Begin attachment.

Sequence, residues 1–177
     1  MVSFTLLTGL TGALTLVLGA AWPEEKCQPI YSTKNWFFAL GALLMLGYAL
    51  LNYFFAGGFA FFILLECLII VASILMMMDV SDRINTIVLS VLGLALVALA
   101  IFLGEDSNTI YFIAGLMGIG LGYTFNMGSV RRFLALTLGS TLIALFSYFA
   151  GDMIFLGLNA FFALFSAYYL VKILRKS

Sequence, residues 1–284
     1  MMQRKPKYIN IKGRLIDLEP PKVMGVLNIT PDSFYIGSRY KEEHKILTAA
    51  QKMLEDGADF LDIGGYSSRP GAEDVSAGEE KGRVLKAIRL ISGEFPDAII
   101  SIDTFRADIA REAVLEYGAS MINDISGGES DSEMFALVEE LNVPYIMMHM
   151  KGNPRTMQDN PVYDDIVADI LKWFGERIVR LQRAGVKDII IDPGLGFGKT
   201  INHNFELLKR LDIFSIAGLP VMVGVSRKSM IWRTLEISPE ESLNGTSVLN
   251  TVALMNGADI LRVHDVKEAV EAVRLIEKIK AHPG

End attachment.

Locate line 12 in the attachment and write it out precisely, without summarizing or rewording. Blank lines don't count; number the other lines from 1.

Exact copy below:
   251  TVALMNGADI LRVHDVKEAV EAVRLIEKIK AHPG